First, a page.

I honestly believe the vote button is as important as my hub being shared. The more votes you get the better visibility for your hub.
As Cagsil pointed out, maybe change the position of each button for more efficient use.
Why do you say that? Votes are private, and they make no difference to the visibility of your Hub.
Agreed. The only thing they may influence is scores, and Search Engines (where most paying traffic comes from) CANNOT see scores. They just see things like keywords, content, titles/subtitles, urls and backlinks.
I think she meant more visibility on the HubPages site being put on the front pages of hot, best, etc. I think your question is if it is more important to get it 'noticed' on other sites. I think they both have relevance. I think it depends on the amount of people on your wall. I don't have enough on my wall at other sites ( about 10 on each ) to outweigh being noticed here by ( about 65 ) i know. no networking, right!.. I better work on that. To be honest I'm not sure how +1 share works because I'm not sure if it directly sends to your wall or is sent to a hopper as in Stumble Upon where it s able to get more frequent looks. Does the 'Shared' article go to a newsreel of sorts that allows it be seen more frequently or is it just to your wall. If it's the latter than I think the answer to your question depends on where and which sites the Hubber has done more networking (including HubPages). Peer-to-peer I guess they call it !(although I'm not surew if it's helping get exterior search views which pay... Maybe the new HP impressions program will help regardless if found by search or peer-to- peer traffic.)
But that's not the point, Mel. You may not have a big network on other sites, but every time you "share", you're creating a link on an external site, which has a lot more value than a link on HubPages itself.
Google judges the value of a site (including your sub-domain) by the number of other sites that link to it. So we all want as many external links as possible. If real people follow that link, it's a bonus - the main thing is that Google counts it.
Plus, of course, you never know when one of your friends will share what you've posted, and they may have many more friends than you.
I made no such statement. I said that I don't think getting rid of the voting system would make anyone more inclined to share the hub. Plain and simple.
It would take a real lot for me to vote a Hub down. It doesn't take all that much to make me vote one up - just a Hub that I think is generally well put together and offers readers something. Where I look for "exceptional" is with anything I ever share. That's where I'm extremely picky. For all the "zillions" of things that are generally good, it would take something I think is either very noteworthy (for one reason or another) or else important in order for me to share it.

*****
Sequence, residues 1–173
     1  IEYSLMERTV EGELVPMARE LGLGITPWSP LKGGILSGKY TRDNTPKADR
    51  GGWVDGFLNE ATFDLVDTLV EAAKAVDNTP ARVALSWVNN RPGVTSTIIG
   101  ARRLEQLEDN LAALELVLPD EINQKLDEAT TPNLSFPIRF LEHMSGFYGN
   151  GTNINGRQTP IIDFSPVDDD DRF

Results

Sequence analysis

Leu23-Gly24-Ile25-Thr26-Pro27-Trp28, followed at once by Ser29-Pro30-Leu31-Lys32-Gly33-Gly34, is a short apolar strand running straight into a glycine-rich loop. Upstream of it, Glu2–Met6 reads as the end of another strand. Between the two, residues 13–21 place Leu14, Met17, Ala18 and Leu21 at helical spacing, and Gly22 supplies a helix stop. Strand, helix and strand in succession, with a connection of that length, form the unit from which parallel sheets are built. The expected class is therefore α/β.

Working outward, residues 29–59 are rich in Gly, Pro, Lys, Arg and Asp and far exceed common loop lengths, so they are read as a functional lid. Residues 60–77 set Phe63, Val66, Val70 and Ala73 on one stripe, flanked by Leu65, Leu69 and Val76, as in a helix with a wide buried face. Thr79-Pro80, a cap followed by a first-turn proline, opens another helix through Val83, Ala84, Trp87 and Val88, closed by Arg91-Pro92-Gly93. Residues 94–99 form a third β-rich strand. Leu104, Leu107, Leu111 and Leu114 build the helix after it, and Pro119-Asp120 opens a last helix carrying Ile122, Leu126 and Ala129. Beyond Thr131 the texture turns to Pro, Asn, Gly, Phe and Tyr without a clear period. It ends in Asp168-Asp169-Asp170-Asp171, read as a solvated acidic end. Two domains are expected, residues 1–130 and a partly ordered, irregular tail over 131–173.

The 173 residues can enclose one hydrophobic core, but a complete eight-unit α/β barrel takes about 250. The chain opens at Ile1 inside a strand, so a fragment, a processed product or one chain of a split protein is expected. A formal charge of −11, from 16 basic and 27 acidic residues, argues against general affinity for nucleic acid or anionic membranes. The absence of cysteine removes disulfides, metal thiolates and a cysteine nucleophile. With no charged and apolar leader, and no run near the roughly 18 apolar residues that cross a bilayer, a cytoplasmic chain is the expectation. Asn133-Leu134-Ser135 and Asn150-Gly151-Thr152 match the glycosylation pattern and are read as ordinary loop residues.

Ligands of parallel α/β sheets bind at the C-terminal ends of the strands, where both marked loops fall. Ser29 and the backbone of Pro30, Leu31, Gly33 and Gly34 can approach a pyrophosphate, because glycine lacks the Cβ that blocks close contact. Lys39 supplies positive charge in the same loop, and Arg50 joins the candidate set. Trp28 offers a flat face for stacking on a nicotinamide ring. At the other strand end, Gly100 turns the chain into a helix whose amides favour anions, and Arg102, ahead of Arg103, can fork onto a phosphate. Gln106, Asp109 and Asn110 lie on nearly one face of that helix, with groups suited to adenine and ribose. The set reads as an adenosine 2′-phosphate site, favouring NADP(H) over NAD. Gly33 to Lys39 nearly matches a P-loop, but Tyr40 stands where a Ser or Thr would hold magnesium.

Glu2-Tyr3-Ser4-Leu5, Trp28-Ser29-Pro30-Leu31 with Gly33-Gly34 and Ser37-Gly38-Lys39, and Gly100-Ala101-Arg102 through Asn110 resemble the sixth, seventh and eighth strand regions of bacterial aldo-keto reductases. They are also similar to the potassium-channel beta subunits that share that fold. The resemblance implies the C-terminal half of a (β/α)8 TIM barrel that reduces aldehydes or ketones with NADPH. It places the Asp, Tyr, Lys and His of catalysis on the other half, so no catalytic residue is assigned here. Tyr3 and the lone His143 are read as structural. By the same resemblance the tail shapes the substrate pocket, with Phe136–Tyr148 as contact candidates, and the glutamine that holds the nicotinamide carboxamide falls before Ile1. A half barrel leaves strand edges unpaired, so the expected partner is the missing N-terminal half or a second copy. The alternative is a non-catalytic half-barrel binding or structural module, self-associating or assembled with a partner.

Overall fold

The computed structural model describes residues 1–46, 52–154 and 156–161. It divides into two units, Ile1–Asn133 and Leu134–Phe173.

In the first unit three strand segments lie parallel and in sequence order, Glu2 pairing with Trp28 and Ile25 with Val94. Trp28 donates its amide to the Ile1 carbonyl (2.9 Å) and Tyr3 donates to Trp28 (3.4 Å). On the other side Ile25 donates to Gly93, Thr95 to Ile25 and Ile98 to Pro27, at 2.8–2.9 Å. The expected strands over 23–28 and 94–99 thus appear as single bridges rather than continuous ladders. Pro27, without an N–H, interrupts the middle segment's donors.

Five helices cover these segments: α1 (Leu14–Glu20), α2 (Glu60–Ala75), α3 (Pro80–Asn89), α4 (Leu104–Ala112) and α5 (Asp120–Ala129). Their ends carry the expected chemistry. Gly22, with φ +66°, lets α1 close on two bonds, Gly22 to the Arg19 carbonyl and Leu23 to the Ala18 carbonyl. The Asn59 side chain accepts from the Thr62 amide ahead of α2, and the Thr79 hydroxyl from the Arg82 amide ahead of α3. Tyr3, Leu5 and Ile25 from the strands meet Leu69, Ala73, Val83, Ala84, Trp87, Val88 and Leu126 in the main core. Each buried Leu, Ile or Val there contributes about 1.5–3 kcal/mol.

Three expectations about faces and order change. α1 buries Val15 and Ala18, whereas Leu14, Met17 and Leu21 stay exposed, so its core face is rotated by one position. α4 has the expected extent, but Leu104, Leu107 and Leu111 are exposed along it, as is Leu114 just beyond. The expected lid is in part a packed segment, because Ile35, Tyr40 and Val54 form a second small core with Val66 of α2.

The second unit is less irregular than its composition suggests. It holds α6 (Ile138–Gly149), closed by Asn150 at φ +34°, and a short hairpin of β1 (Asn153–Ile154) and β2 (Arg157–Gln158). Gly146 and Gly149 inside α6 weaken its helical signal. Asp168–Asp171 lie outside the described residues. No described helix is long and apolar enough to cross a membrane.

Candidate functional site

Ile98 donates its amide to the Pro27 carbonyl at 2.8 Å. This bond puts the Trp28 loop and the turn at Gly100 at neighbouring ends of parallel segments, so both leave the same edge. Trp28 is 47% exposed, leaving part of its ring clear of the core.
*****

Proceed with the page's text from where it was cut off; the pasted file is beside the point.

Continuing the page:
As I think more about this, I think if the vote buttons were removed I'd probably still be as unlikely to share something unless the Hub had really struck me as great. I guess my standard for voting up is that I don't have to love/like, be all that impressed with, or be interested in, the Hub. I only have to think it's a well done Hub (of any kind) that readers will find the same.
It's sharing stuff I'm pretty reluctant to do. I don't like wading through tons of stuff the whole world has shared in one place or another (because what "the whole world" apparently thinks is worth sharing and what any one individual thinks is worth sharing can be very different. It all tends to be a big, uncategorized, willy-nilly, mess. I know this isn't how people "are supposed to do things", but I have a real aversion to the whole "adding-to-the-meaningless-mess" thing.
Yeah.. I understand that aversion.
Though everything is "meaningful" in some sense. Even a lonely "Wassup?" on a Facebook page tells friends that you are alive (and still laconically incoherent, in some cases).
As I know that I'm doing a little more than that and so are you, is it presumptuous to conclude that at least some portion of the known universe will find value in our scribbles?
I don't really think most people out there on the Internet will find much in my scribbles, but I have to not care (and feel pretty uncomfortable about sharing). I just do my thing, hope Google's bots figure out that I'm not a spammer or anything else that's questionable, and imagine my future grandchildren's kids being "completely fascinated" by what their late great-grandmother wrote back in the early 2000's. I'm not above "meaningless", but I like to limit it to my own pages and not drag anyone else's decent material into that particular mix.
People who feel like sharing the content are going to find ways to share it even without buttons. I don't have anything against vote or share buttons.
I guess that's my question then. When you share to your other external site and someones +1's it , is it also going on the other persons wall . Using Facebook as an example. When I 'like' something on someone's wall, I don't necessarily see it go to my wall too. Maybe I have a feature turned off that I don't know about and need to turn it on.
I'm afraid you're asking the wrong person, Mel! When it comes to Facebook and Google+, I'm a real dunce. But like I said, the important thing is that you've created an external link. Whether a real human being follows it isn't all that relevant.
When you click on "like" on Facebook because you see a link you like, then there is a notation on your wall that you "like" that item. It doesn't share it on your wall unless you "share" the link or item.
I'm not sure about Google +1's and it's workings.
A plus one can be done without posting any link at their G+ stream.
I read somewhere that when someone clicks something, be it a poll or what have you, they are more likely to click elsewhere on the page like an ad. Based on that research, then people would be more likely to share after rating.
That said, I think that the vote up buttons are kind of hmm more highlighted in comparison to the share buttons. To be honest, I only recently noticed the share buttons at the bottom of the hubs.
I REALLY need to find that study, though.
I would be interested in reading that. In a way, I can see the principle. When I am shopping (not groceries, but clothes, etc.) I may go in and browse, but if I find something I want, it seems that I usually buy more than one item. On "American Pickers" they sometimes call this phenomenon "breaking the ice."
As an experiment, let's go and add polls to some hubs and see what happens.
I created a thread to test that, feel free to participate and share your findings:
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I just voted my own hub down because I was trying to use those arrows to scroll with! They look like scrolling arrows, not voting arrows! This is not good.